Single Sentence Singles from local musicians: November edition
In an effort to keep you all abreast of the latest local music that’s not album or music video related, we present the latest installment of our irregular feature, Single Sentence Singles. We take a listen to the latest local singles to hit Soundcloud, Spotify, Bandcamp, et al, and sum them up in one sentence. Simple enough? Here we go.
The Way Way Back, “Pages”
The first track off ‘s new EP, Baggage or You’re Never Going To Leave It All Behind, is a pure distillation of everything I loved about early ’00s emo and indie—the melodicism, heartfelt lyrics, and ability to actually rock out when necessary—while leaving out the screamy bits which felt like an attempt to distract from the fact that these songs might actually make you cry.
Dustin McKamie, “Creature!”
Dustin McKamie’s best known for his work as a visual artist on shows like Westworld and The Walking Dead, but he’s also a musician, and his first single, “Creature!” would definitely fit in with the genre fare for which he’s crafted art, thanks to the dark synthpop vibes about a monster in the attic.
Oh, my goodness: this is one smooth, gliding number that makes me wish that Nisee was able to perform live, because I have this feeling that if she were able to get a crowd in front of the stage while she and Reggie B. dueted on this, it would turn into one hell of a sweaty dance party.
The Plymouth Furies, “Where the Spooklight Glows”
Named after a gang from cult film The Warriors, this new Kansas City act describes themselves as “Lee Hazelwood meets The Jesus and Mary Chain at a rest stop bathroom crime scene,” which is something akin to a lo-fi indie version of Deadbolt, meaning I’ll be eagerly awaiting whatever comes next from these creepy folks.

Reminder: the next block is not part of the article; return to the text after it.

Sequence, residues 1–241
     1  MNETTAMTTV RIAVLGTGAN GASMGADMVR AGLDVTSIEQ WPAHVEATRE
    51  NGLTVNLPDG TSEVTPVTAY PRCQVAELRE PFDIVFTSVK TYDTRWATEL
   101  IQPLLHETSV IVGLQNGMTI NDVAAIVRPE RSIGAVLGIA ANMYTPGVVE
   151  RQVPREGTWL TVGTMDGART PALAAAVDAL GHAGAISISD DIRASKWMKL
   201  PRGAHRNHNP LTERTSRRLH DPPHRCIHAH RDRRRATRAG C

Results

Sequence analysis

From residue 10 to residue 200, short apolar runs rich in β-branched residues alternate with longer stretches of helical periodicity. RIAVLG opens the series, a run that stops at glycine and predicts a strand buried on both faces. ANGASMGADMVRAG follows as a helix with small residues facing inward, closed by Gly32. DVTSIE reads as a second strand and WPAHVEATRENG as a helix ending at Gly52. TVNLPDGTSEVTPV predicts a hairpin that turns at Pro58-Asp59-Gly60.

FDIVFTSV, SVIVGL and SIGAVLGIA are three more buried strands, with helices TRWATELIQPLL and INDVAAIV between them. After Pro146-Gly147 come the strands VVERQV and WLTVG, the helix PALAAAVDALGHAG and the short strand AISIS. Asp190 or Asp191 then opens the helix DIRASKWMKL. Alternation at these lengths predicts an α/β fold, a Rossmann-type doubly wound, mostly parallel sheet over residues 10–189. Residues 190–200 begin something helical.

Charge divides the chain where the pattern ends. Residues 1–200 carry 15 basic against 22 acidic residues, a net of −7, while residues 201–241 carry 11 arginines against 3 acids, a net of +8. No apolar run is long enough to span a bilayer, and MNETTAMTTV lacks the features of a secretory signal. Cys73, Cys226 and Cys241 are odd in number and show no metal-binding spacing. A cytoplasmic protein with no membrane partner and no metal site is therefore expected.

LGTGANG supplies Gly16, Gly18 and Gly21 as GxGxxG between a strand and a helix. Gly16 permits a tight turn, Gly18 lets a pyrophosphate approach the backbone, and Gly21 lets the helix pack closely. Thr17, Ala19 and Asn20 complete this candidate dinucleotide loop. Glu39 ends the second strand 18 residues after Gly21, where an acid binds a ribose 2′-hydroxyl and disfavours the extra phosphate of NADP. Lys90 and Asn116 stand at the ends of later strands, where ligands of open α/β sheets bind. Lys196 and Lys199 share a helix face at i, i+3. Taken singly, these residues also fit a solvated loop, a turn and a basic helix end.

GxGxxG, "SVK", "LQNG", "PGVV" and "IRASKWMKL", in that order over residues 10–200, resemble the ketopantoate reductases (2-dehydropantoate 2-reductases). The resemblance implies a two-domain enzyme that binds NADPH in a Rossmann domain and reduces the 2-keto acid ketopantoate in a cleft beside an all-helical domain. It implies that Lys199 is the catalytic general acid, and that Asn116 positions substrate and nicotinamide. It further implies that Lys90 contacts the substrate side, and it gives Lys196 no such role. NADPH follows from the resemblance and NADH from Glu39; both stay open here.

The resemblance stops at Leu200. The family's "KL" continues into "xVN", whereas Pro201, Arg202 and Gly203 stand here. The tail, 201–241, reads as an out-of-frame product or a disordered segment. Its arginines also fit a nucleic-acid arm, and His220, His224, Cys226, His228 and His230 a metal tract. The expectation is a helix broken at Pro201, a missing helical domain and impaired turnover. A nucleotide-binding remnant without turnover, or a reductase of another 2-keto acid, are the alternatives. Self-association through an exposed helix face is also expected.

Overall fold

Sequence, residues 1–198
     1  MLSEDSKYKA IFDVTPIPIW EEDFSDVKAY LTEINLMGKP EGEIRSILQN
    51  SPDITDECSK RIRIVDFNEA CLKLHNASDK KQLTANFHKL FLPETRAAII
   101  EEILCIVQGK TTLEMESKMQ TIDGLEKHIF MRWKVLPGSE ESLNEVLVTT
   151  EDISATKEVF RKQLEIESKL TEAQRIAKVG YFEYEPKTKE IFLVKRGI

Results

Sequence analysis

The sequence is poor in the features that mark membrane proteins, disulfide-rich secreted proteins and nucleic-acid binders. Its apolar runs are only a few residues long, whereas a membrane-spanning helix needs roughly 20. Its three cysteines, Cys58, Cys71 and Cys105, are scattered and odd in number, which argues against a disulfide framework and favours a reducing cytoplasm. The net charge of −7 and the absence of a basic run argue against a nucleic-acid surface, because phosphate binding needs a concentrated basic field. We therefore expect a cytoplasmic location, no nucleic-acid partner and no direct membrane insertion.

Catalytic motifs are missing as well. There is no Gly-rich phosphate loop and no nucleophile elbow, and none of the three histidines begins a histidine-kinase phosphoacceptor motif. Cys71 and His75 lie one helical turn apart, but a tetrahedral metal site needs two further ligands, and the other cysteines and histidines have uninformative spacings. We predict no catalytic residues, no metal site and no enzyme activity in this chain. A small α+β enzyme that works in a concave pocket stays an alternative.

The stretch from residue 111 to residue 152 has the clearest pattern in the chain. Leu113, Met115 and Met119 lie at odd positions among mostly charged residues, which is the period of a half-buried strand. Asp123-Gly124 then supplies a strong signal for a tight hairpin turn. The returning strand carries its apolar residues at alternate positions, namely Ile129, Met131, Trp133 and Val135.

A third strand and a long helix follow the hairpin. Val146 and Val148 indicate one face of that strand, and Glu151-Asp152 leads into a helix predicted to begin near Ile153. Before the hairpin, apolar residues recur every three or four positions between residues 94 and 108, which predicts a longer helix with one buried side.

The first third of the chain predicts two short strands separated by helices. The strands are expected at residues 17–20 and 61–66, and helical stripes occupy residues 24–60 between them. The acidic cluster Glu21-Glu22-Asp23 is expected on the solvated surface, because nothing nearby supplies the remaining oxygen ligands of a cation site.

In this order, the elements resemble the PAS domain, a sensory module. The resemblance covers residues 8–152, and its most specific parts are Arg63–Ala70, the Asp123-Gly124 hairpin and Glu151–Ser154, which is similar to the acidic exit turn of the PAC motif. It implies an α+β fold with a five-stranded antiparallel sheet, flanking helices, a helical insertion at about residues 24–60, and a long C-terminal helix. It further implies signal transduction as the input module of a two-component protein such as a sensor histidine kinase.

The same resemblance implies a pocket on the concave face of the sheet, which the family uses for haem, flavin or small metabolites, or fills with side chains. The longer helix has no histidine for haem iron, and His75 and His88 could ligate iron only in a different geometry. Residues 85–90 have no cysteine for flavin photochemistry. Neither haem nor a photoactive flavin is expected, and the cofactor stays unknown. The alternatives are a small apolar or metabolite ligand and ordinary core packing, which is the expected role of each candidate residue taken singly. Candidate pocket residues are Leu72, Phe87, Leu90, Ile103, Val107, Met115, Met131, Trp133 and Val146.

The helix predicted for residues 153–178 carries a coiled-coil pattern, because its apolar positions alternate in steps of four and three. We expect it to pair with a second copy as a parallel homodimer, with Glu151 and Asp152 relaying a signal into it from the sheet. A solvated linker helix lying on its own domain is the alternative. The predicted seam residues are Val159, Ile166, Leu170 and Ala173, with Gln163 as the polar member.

Jason Buice, “triptek”
With “triptek,” Lawrence singer/songwriter Jason Buice crafted something which is a far cry from last summer’s debut EP, Both Sides, in that this song—”conceived and written in the summer of 2020 in response to long hours in quarantine”—is a brilliantly-conceived five-part suite running the gamut from synthy atmospherics to instrumental prog.
Remy Styrk, “Boy”
Per Remy, “‘Boy’ is a short summary of 2020 being a catalyst for everything I’ve pushed under the bed being ignited into a debilitatingly unpredictable fire,” and the slow-burn opening into an absolute banger of a track reminds me nothing so much as a more politically-motivated Bad Rabbits.
Opening with an off-kilter version of “America (My Country, ‘Tis of Thee)” before dropping into a track which is unfiltered in its depiction of what it’s like to be black in America, thanks to Kemet and Kadesh spitting a slew of crimes from redlining to food deserts to police shootings — the end result being a track which slaps hard while refusing to let you continue on in ignorance, with a full choir driving the point home.
“Call me Stacey ’cause I’m Clueless” is a stellar line, but this R&B slow jam about star-crossed love manages to one-up the lyrical wordplay with a production job that captures the stark, lonely need to reconnect with someone.
Dandelions, “Take On The World”
The second track released from the duo of Brent Windler and Tim Gutschenritter is pure, gorgeous jangly power-pop that’s sure to find fans of R.E.M. and Superdrag falling deeply in love with their vocal harmonies and guitar work which absolutely delights.
Christena Graves, “Straight Line”
The first single off Christena Graves’ upcoming full-length, Finding My Footing (due out in February), “Straight Line” is a track which feels folky but powerful, as if Lucinda Williams had teamed up with the guys in Hembree to create something big and intense, addressing faith and family in a way which seems authentic.
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